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Yeast bread and spices. That’s what the house smelled like. How could the current inhabitants do something as comforting as bake hot cross bun? Satai stood on the porch. The railing was painted bright blue, and the floor a deep piney green. The vivid red door looked cheerful and welcoming. The fading daffodils and the budding tulips only added to the general good nature of the house. It was the kind of house where your beloved grandmother lived, or your best friend.

She’d been hunting them for what felt like forever, from the court of Catherine the Great to Timbuktu. That sounded like a metaphor for a long time and a long distance, but it was nothing but the truth. It wouldn’t have taken nearly so long, but she lost them during the chaos of the Crimean War.

Here and now Satai could hardly believe she’d found them. Her informant had been certain, and she’d left him in no condition to warn anyone of her presence. She stared at the forsythia golden along the steps. A house like this, it should have encysted them, pushed them out whole before they had time to infect it. When she’d circled the place earlier, counting the possible exits, she’d even seen a beehive in the back, in a small orchard.

The tiny video camera she was wearing would pick up the colors, the sounds of birds singing in the trees overhead, but not the smell of cinnamon and cloves. Satai hoped it wouldn’t betray her trembling, though she could probably edit that out when she made the DVD.

Standing here for too long was suspicious. This time of day, people would probably take her for a visiting friend, but the last thing she needed was a garrulous neighbor coming over to say hello. The inhabitants of the house would be sound asleep by now, not to wake until the sun was firmly set.

The lock was old. Satai slipped it easily, then closed the red door behind herself. The buns were on the counter on a cooling rack. She touched one, but they were cold. And crosses? Why would they have put the crosses on the tops?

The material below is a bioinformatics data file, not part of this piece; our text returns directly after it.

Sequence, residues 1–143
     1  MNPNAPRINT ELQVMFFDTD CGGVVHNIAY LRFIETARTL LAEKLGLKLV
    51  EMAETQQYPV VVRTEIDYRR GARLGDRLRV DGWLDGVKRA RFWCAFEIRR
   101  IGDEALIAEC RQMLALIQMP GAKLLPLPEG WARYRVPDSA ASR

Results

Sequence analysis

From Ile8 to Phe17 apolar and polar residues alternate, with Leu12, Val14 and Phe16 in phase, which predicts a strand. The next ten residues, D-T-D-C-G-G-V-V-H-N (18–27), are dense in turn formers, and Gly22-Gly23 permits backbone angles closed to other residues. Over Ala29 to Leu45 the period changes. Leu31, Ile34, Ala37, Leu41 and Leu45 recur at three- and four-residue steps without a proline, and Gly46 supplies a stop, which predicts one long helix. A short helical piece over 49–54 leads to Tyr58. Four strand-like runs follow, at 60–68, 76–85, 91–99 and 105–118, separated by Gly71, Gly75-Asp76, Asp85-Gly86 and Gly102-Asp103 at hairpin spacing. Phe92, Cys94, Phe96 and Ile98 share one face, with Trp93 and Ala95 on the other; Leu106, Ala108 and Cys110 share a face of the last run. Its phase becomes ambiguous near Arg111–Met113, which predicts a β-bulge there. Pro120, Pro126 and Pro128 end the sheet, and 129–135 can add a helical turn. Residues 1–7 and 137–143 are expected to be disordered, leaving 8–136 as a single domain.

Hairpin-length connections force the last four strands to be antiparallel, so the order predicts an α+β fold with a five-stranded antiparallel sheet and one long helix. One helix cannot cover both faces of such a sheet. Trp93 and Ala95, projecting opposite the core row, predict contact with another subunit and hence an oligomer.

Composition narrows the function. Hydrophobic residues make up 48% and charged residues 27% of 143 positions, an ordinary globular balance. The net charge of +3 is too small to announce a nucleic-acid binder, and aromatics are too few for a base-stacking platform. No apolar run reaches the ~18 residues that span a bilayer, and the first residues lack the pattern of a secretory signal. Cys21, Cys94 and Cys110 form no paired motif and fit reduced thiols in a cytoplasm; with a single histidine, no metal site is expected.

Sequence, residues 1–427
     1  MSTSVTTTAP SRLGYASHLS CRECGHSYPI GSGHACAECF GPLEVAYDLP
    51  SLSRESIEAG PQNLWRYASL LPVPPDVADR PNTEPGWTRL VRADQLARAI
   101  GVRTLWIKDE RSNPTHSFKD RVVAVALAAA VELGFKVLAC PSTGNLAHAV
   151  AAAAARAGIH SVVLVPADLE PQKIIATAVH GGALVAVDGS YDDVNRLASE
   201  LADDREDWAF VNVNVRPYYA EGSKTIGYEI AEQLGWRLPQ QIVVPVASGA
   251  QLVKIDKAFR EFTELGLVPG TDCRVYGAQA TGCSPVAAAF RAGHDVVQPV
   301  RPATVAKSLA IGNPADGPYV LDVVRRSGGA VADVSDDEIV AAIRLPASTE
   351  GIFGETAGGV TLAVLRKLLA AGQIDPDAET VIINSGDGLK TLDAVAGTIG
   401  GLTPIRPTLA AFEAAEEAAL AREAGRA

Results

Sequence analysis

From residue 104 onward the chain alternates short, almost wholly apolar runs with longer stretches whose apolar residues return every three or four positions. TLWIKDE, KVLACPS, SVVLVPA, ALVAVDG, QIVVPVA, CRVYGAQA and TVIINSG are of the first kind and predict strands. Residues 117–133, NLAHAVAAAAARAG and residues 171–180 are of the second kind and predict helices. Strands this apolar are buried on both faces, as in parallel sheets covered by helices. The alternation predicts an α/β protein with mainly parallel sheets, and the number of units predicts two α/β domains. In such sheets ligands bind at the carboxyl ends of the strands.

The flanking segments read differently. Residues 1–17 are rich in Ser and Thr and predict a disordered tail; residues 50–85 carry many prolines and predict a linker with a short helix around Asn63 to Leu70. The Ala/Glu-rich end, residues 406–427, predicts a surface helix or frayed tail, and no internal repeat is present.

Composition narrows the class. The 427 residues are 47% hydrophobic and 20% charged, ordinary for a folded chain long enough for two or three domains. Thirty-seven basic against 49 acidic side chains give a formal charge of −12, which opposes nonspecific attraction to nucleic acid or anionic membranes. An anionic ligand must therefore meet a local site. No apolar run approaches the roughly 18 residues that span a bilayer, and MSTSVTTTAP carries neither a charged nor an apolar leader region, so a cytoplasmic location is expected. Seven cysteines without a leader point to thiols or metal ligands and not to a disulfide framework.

A white porcelain bowl was heaped with dyed eggs, mostly red like the Easter eggs of her childhood, but some drawn with the intricate designs that the court had come to favor. She didn’t think anyone remembered how to make those eggs. She hadn’t seen any for so long, and the red ones in even longer. There was no skill to those, just boiling the eggs with onion skins, but nobody bothered.

She touched one, ran her finger over the smooth ovoid. They should be in a basket, in a kitchen that smelled of smoke, in a farm waiting eagerly for spring. April was a hard month back then, with winter stores nearly exhausted and summer’s bounty a long way off. Here and now, it was flowers and trips to the grocery store, an easier life but one that slipped by, leaving no mark.

Satai wondered if those she pursued missed their homes as much as she did, just then. They were the only ones who might remember, who had been shaped by the same spring, and the only ones who might help her forget.

She picked up an egg, turning it over and over in her hands, then took it out onto the porch to watch the bees rumble through the forsythia and wait for the dusk.

Twitter flash, with contributors:
Timbuktu, DVD production, Crimean War espionage – @quasigeo
Beekeeping and Easter eggs – @qitou

One Comment

  1. Nick says:

    Very nice.

    And not all where I had thought the end was going.